JFK Library releases long-secret RFK files

In a victory for the JFK research community, the JFK Library announced today that it has made public 26 boxes of long-secret files held by Attorney General Robert F. Kennedy. 

The files will likely shed new light on the inner workings of the Kennedy presidency.

One document released last summer showed that The CIA kept RFK apprised of Castro assassination plotting. (JFK Facts, Aug. 2, 2013).


If any JFK Facts readers are in the Boston area, we are looking for news stories about what the new files contain.




19 thoughts on “JFK Library releases long-secret RFK files”

  1. The Hidden History of the JFK Assassination by Lamar Waldron.
    page 146- Senator Russell Long of Louisiana served on the
    Warren Commission. How could he make such a mistake?

  2. I think the “in collaboration with the family of RFK” is important. to me this would imply at least his children and possibly a well known cousin and or aunt. With RFK JR’s recent comments about his father’s private beliefs of conspiracy there is potential for important information. No matter what is found the family’s agreement to release these files is a courageous one and I would like to publicly thank them for doing so on behalf of the American people. The have had to live with this subject intimately their entire lives. This has to be a burden they may at often times would like to ignore or escape. In light of the comparatively little attention paid to their own father’s assassination I admire and respect their candor and fortitude in this decision.

  3. I think JFK and RFK did have different personalities and perspectives. I also think RFK, in his role as “can doer” for JFK, subrogated his personal drive for the advancement of JFK’S Presidency. Remember, it was RFK that suggested that pushed for blockading Cuba during the Cuban missile crisis and RFK who successfully opened the “back door” diplomacy that led to a peaceful resolution to that crisis. All the speculation about RFK’s uncontrollable and personal desire to “get Castro” is a contrivance of the CIA propaganda machine. Remember Arthur Krock opined and published his slant on where a coup d’etat would come from: the CIA. President Kennedy also recorded, with Walter Cronkite, his thoughts about how and under what circumstances a coup could take place in America. JFK stated that the war mongers would repeatedly push (or agitate in global hot-spots) for war. When the President/Commander-in-Chief repeatedly refused, either the military or covert operations (CIA) would move to replace him. I doubt if the files reveal anything of significance or proof of who was involved in killing JFK. Still, such files belong in the public domain.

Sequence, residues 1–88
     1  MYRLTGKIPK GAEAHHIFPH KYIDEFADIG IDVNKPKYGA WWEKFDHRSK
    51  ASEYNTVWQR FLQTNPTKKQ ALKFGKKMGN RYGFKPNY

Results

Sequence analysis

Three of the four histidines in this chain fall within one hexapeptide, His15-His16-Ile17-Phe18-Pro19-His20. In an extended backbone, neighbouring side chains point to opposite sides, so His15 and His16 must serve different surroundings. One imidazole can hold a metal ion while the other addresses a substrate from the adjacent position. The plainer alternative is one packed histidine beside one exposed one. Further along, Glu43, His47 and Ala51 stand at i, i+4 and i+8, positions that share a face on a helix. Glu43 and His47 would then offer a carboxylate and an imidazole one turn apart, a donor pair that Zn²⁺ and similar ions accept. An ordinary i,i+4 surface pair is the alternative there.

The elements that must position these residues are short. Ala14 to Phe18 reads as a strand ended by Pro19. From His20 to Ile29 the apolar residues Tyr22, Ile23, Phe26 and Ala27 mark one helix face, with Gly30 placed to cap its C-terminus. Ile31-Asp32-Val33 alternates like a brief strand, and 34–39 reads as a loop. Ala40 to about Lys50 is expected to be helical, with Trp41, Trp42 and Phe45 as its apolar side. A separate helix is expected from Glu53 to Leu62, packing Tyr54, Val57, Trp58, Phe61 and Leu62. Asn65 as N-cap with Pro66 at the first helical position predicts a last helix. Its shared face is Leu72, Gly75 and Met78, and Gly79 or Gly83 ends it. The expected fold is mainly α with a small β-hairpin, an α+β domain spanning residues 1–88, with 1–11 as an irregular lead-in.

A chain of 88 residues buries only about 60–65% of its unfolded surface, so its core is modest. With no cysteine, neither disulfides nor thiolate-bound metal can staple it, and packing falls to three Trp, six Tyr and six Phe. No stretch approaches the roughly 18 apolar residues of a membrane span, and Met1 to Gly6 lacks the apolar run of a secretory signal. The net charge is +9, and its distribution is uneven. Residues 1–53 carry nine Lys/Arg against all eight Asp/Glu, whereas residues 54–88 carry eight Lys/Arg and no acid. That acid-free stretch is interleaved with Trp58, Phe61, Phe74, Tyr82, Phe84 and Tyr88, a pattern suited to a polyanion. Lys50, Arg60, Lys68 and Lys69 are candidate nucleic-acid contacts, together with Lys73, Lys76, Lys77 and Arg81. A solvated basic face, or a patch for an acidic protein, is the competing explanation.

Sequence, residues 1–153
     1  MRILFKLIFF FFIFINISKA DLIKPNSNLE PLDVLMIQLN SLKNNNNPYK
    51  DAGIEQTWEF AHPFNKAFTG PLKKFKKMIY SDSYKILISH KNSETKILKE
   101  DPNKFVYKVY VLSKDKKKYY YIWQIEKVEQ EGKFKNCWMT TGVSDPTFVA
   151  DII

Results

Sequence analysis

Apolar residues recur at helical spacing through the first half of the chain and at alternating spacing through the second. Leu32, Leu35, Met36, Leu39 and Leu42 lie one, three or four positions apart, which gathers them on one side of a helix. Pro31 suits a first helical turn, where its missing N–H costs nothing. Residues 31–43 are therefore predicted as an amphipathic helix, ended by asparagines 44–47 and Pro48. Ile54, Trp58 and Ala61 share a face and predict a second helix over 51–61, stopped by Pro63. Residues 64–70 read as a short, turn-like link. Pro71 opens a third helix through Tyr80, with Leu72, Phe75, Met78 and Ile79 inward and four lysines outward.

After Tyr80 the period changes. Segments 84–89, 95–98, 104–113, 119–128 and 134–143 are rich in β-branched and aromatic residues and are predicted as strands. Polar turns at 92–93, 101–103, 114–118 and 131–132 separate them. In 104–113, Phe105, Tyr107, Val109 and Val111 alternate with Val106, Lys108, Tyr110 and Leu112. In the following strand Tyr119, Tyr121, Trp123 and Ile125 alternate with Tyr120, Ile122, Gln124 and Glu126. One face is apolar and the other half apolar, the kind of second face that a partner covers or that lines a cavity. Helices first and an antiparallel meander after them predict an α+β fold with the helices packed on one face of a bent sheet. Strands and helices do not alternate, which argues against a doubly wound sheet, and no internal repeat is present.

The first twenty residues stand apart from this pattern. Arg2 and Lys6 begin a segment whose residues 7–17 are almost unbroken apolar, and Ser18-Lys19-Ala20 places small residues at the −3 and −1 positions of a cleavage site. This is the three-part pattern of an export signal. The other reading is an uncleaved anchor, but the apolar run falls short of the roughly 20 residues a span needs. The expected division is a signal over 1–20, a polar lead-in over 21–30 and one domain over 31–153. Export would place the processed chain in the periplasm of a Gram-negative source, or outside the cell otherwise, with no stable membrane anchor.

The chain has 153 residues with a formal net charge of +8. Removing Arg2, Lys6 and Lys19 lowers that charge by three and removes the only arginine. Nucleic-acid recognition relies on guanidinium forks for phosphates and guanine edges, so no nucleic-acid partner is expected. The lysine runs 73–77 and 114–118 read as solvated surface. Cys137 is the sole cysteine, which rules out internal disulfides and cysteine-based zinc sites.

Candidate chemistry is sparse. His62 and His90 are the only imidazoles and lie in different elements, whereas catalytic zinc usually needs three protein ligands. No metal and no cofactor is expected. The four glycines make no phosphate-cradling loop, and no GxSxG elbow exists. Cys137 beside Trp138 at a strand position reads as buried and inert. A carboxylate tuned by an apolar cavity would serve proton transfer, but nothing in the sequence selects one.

4. I have read that during the Bay of Pigs aftermath, RFK obtained a copy of the ever-illusive Bruce-Lovett Report. According to CIA via Cryptome:

    “Having reached a dead end, we consulted the author of the Dulles biography, Peter Grose. Grose told us that he had not seen the report itself but had used notes made from it by historian Arthur M. Schlesinger for Robert F. Kennedy and His Times (1978). Professor Schlesinger informed us that that he had seen the report in Robert Kennedy’s papers before they were deposited at the John F. Kennedy Presidential Library in Boston. He had loaned Grose his notes and does not have a copy of these notes or of the report itself.”


  5. I rechecked the RFK confidential files that are posted online by the JFK Library. There are still many pink sheets evidencing withdrawn classified documents in files labelled Cuba/CIA 1963 and 1964. It does not look like any classified files have been declassified and added to the online collection.

  6. The JFK Library should be saluted for aiding the strenuous efforts of a dedicated few to clarify & better understand what happened half a century ago with this release of RFK files. As a go between JFK & US Intel RFK’s files should reveal a lot in what was being disseminated to RFK & what wasn’t (did Hoover or CIA ever inform his of Oswald’s New Orleans arrest?).